Today psychoanalytic attention has followed him there. Becker builds on a perceptive remark by William James: "mankind's common instinct for reality ... has always held the world to be essentially a theater for heroism." Our natural narcissism and need for self-esteem mean that each of us needs to feel that we are of special value, "first in the universe." Heroism is how we justify that need to count more than anyone or anything else. This is the common denominator behind the cultural relativity that anthropology discovers, which is nothing other than the relativity of hero systems. But why do we need to be heroes? It is "first and foremost a reflex of the terror of death" because heroism is what can qualify us for a special destiny. And we need that hope for a special fate, because the alternative is literally too much to contemplate.  The irony of man's unique symbolic life is that it only serves to reveal our fate in no uncertain terms. "Consciousness of death is the primary repression, not sexuality."  This fear of death is needed to keep our organism armed toward self-preservation; but it must also be repressed for us to func-
tion with any modicum of psychological comfort. The result is us: hyperanxious animals who constantly invent reasons for anxiety even when there are none. This was also the conclusion of Otto Rank, Melanie Klein, Norman O. Brown, and more recently Irvin Yalom, who argues that "a considerable portion of one's life energy is consumed in the denial of death."  Most animals have fears programmed into them as instincts, but the animal who has no such instincts (or whose consciousness allows him to transcend his instincts) fashions his fears out of the ways he perceives the world -- which unlocks a door that Becker himself does not open, for it suggests that if we can come to experience the world differently we might be able to fashion our fears differently, too. Or is it the other way around: do our fears cause us to perceive the world in the way we do, and might someone come to experience the world differently who was brave enough to face the thing we fear most?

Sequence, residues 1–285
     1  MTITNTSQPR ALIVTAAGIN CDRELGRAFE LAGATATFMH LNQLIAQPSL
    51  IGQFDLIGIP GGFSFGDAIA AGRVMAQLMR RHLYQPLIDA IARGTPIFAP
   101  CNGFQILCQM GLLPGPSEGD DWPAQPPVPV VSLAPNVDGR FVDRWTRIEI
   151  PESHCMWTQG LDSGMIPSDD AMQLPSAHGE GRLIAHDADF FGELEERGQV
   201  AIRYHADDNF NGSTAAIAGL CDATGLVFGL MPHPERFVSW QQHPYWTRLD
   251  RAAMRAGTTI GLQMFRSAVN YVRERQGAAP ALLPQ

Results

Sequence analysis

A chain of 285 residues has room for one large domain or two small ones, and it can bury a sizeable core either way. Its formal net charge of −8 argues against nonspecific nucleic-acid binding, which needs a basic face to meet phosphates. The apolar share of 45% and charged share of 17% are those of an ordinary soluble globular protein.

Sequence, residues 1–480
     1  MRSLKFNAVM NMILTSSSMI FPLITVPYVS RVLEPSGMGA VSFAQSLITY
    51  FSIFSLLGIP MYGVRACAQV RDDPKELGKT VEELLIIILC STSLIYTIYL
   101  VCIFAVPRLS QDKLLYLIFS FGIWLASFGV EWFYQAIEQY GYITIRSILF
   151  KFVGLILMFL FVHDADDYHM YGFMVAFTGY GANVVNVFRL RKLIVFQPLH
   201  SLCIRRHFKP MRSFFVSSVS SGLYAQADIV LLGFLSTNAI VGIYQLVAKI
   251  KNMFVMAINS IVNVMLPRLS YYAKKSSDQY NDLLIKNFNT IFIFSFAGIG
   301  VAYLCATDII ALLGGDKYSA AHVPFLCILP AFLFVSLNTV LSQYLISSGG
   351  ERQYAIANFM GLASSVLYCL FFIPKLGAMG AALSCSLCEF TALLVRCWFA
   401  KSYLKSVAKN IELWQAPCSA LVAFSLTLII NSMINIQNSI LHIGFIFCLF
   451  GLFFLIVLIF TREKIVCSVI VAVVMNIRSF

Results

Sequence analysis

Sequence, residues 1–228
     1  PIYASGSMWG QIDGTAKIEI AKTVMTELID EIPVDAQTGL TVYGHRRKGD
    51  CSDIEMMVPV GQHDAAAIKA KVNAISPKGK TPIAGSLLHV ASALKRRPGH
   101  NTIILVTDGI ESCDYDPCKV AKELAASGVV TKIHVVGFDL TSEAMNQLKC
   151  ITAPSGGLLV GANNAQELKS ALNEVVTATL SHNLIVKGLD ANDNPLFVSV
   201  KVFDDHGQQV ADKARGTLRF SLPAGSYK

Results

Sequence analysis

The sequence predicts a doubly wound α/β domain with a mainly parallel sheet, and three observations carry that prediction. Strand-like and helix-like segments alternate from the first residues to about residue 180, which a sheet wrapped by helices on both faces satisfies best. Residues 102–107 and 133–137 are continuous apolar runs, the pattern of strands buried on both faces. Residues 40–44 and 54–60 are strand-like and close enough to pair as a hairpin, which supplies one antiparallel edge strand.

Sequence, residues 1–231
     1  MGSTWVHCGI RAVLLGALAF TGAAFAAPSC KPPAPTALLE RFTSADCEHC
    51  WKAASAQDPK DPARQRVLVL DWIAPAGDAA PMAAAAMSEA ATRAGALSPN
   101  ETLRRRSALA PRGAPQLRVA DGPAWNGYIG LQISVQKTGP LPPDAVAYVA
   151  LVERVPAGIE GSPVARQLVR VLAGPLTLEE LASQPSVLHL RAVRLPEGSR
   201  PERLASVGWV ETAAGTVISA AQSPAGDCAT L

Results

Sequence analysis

The reason man's essence was never found, says Becker, "was that there was no essence, that the essence of man is really his paradoxical nature, the fact that he is half animal and half symbolic."  But how easily this moves from the common existentialist view that man has no essence to the claim that his essence is dualistic: a spirit with an anus and all the other accoutrements of mortality. This duality lies at the heart of Becker's argument. The mind looks down at the body, realizes what flesh implies, and panics. As a consequence, "everything that man does in his symbolic world is an attempt to deny and overcome his grotesque fate. He literally drives himself into a blind obliviousness with social games, psychological tricks, personal preoccupations so far removed from the reality of his situation that they are forms of madness." A good example is our character traits -- secret psychoses, said Ferenczi, a mechanization of a particular way of reacting, not very different from a repetition compulsion. These sedimented habits are a necessary protection, for without them there can only be "full and open psychosis": to see the world as it really is is "devastating and terrifying"; "it makes routine, automatic, secure, self-confident activity impossible... It places a trembling animal at the mercy of the entire cosmos and the problem of the meaning of it." Thus the bite in Pascal's aphorism: "Men are so necessarily mad that not to be mad would amount to another form of madness." For Becker this is literally true: normality is our collective, protective madness, in which we repress the truth of the human condition, and the ones who have difficulty playing this game are the ones we call mentally ill. Schizophrenics are suffering from the truth. Psychoanalysis reveals the high price of denying this truth about man's condition, "what we might call the costs of pretending not to be mad."